Irritable Bowel Syndrome is a chronic condition that affects the digestive tract. Suffers can expect to experience recurrent episodes of diarrhoea and constipation as well as cramps and pain.
Learn more about the triggers and treatments of the condition and place your order below.
Irritable bowel syndrome (IBS) is an uncomfortable condition in which an individual suffers from symptoms of the digestive tract, especially the large intestine. It is generally chronic with cases ranging from mild to severe.
Unfortunately, there is no cure for the condition. However, a combination of medications and dietary and lifestyle changes can reduce the severity of symptoms. As the causes of IBS vary between individuals, over time you may discover certain triggers that can be managed and avoided.
If you have not been diagnosed with IBS, and experience sudden changes to your bowel movements or any unexplained sensation or discomfort, please contact your doctor - they will want to rule out more serious underlying causes, such as coeliac disease and inflammatory bowel disease (IBD).
Despite the condition being relatively common (one in five people will experience it at some point in their life), the exact cause of IBS is still unknown.
There are, however, several contributing factors that have been identified - these are individual to each patient.
Interestingly, IBS is more prevalent for those in their 20s and 30s. It is rare for it to present after someone is in their 50s. It also occurs more frequently in women, with twice as many developing the condition as men.
It is believed that IBS is caused by:
If you do suffer from IBS, you will discover triggers that exacerbate symptoms. These are not causes of the condition, however, they may be responsible for more severe episodes of cramping, constipation and diarrhoea. The most commonly reported are:
If you are unsure about the triggers of your condition, you should consult a nutritionist or dietician. They will be able to help you identify difficult to digest foods in your diet. You should also consider counselling, to reduce any stress in your life.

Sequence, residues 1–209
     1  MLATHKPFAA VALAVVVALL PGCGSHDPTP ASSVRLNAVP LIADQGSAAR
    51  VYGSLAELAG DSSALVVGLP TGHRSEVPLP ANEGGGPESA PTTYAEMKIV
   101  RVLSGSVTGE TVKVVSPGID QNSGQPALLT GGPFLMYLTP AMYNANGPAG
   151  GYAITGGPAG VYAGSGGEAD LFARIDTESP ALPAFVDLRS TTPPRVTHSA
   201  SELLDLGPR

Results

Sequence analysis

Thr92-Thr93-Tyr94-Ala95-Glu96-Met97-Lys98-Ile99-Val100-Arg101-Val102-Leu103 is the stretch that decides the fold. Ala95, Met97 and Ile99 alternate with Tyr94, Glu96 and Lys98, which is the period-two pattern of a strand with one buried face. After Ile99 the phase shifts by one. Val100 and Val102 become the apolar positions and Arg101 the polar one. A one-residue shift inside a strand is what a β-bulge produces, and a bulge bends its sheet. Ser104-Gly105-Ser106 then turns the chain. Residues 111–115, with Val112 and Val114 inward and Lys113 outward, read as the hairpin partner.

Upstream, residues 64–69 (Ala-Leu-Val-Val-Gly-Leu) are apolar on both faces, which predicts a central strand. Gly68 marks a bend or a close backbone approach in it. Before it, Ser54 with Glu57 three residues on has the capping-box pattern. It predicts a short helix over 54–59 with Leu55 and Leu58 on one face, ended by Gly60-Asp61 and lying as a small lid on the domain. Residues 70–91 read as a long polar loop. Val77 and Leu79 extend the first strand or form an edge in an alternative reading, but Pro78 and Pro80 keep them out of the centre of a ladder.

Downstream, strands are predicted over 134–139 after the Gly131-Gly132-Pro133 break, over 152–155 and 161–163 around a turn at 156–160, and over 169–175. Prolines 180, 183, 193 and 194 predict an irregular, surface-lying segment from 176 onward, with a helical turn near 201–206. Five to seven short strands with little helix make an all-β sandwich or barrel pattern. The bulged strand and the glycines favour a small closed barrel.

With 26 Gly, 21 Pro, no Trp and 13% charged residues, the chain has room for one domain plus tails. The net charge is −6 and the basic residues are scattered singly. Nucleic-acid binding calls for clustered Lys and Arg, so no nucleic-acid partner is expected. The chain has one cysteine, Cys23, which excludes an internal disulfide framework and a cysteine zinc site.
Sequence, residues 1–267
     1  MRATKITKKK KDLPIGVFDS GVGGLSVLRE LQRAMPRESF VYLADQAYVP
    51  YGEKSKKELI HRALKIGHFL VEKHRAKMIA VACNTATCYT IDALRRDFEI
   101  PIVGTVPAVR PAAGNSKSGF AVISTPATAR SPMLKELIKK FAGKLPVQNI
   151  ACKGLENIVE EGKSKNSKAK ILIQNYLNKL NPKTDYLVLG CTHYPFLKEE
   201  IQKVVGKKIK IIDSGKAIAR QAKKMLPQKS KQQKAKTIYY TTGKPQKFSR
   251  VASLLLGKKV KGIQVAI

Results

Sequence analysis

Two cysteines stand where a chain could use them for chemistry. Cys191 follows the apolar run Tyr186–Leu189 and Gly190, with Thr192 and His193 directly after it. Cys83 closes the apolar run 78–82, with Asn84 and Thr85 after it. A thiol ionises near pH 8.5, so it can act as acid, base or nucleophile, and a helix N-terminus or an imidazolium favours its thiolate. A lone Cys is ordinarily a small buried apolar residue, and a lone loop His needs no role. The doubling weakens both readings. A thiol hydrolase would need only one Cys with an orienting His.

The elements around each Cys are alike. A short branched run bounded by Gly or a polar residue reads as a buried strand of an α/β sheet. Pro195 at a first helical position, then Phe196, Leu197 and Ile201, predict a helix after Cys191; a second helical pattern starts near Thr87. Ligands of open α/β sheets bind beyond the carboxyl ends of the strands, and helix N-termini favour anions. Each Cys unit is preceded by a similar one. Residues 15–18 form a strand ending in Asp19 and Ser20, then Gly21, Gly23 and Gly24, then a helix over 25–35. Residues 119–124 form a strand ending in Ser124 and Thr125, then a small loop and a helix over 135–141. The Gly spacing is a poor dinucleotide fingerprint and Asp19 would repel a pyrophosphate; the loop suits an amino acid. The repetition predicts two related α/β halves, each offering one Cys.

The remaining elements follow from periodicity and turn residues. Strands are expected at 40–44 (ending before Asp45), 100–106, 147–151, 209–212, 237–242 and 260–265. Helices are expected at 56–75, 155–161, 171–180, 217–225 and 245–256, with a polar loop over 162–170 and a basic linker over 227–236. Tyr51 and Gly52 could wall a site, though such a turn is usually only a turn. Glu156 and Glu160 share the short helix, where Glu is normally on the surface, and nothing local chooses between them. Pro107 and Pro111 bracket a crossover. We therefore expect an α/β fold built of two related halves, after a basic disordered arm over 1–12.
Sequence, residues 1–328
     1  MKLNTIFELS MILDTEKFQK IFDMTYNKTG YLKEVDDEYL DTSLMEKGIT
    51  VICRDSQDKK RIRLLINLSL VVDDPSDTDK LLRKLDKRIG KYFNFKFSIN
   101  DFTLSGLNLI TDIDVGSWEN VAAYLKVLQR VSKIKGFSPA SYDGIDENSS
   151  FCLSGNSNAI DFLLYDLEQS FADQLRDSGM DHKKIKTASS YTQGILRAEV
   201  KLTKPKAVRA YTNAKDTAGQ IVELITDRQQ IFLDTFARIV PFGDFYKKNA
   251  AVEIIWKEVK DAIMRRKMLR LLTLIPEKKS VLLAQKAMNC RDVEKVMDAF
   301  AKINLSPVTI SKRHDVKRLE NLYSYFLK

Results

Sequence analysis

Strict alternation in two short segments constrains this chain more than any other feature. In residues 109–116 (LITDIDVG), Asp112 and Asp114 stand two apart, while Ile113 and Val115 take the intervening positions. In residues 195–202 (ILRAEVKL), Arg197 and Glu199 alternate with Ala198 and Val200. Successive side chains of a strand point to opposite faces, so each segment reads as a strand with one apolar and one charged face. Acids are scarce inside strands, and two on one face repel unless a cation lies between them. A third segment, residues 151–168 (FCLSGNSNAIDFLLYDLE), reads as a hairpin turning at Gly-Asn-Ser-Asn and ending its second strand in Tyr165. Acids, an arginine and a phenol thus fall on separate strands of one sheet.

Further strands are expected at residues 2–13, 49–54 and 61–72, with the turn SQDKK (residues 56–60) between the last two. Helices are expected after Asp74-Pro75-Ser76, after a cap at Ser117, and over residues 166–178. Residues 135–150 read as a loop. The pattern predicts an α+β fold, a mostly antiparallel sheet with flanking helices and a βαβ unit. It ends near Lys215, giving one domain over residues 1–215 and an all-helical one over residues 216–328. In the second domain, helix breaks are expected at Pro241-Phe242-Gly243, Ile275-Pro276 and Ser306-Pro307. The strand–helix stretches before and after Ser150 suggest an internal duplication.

Everyone suffers from IBS differently, however, you can expect to experience one or more of the following:
It is also possible for chronic diarrhoea and constipation to cause other issues, such as haemorrhoids and rectal bleeding. If you experience either of these, you should consult your doctor for additional treatment.
Some of the above symptoms may also be signs of other serious conditions (such as colon cancer), which is why it is important to first be diagnosed with IBS by a doctor.
Thankfully, IBS does not pose a serious risk to your health, and despite the source of symptoms, alone it does not increase the risk of cancer or other bowel-related conditions.
Medications are focussed on dealing with whatever symptoms affect you most strongly. For some people, this may mean pain management.
There is no single treatment for IBS. Depending on what symptoms are most prevalent for you, will determine what medication is prescribed:
Alternatively, if the medication does not have any effect over an extended period (normally 12 months), your doctor may advise psychological treatment:
Though these treatment options may seem unrelated to the condition, as previously mentioned, stress and anxiety play a contributing role in the severity of IBS. Psychological methods can help you deal with symptoms and identify and limit symptom-inducing thoughts.
A significant factor in the severity of IBS is your diet. You should always consult with a dietician or doctor before making any radical or long-term changes to your diet, however, increasing fibre-intake is considered a sensible first step.
You should also consider keeping a food diary to identify any foods your body is intolerant towards.
You may find taking time to relax daily will have a considerable improvement to your condition - meditation is a good method of achieving this.
Likewise, regular exercise can help with reducing stress and also aids digestion.